Military

D-Day at 70 

Remembering the most brilliantly conducted invasion in military history by Victor Davis Hanson // National Review Online General Eisenhower speaks with paratroopers prior to the invasion. (Photo via Library of Congress) Seventy years ago this June 6, the Americans, British, and Canadians stormed the beaches of Normandy in the largest amphibious invasion of Europe since …

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“The End of Sparta” — A Review

A classicist’s exemplary historical novel. by Albert Louis Zambone // BooksandCulture.com Classicists should infuriate other humanists, in the way that the handsome scholar-athlete who volunteers to help dyslexic children and is a genuinely nice guy should infuriate the guy who just made it onto the football team and has a hard time keeping up his …

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Brave New World

by Victor Davis Hanson PJ Media The Revolutions We Missed Sometimes societies just plod along, oblivious that the world is being reinvented right under their noses. In 2000, one never saw pedestrians bumping into themselves as they glued their noses to iPhones. Share This

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Women at the Front

by Victor Davis Hanson NRO’s The Corner Ostensibly, there are really only two issues about the inclusion of women in combat units: one, apparently the nation believes that it will react to the future combat deaths or capture of women in ground units the same way it does to the loss of male soldiers, even …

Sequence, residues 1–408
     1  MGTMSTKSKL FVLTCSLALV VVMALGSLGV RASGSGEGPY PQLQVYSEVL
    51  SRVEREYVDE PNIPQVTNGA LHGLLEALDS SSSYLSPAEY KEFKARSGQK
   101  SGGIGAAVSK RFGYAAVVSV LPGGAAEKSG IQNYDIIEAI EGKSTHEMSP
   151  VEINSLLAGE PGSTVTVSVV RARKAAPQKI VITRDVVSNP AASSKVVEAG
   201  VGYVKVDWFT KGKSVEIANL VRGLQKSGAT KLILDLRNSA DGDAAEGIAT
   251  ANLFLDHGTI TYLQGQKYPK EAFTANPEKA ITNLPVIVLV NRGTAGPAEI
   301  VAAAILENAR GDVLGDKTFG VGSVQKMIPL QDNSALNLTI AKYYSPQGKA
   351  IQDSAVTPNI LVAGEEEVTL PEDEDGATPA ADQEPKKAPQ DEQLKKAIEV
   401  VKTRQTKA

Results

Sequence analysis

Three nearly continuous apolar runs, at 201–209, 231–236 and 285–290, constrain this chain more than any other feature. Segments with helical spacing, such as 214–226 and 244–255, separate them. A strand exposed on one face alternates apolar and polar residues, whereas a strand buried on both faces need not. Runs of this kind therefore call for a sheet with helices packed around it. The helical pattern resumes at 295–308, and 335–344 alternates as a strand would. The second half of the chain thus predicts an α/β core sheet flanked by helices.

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T-Ball War in the Middle East

by Victor Davis Hanson Tribune Media Services Classical explanations of conventional wars run something like this: An aggressor state seeks political advantage through military force. It has a hunch that the threatened target will likely either make concessions to avoid losing a war, or, if war breaks out, the resulting political gains will be worth …

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Thoughts on the Rhine

by Victor Davis Hanson PJ Media Editor’s note: Recently, VDH led a group on a tour of the Rhine and wrote these thoughts. Rhine Watching Share This

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Winning Battles, Losing Wars

by Victor Davis Hanson PJ Media Can We Still Win Wars? Given that the United States fields the costliest, most sophisticated, and most lethal military in the history of civilization, that should be a silly question. Share This

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More Rubble, Less Trouble

by Victor Davis Hanson Defining Ideas Western Warfare, as originated by the Greeks and systematized by the Romans, took various forms over the ensuing two millennia. European militaries put greater emphasis on decisive battles such as Gaugamela or Kursk. They focused on collective discipline, the importance of staying in rank, superior technology, and logistics. Share …

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Taking Out Dictators

by Victor Davis Hanson National Review Online In the past 40 years, the United States has intervened to go after autocrats in Afghanistan, Grenada, Haiti, Iraq, Libya, Panama, Somalia, and Serbia. We have attacked by air, by land, and by a combination of both. Share This

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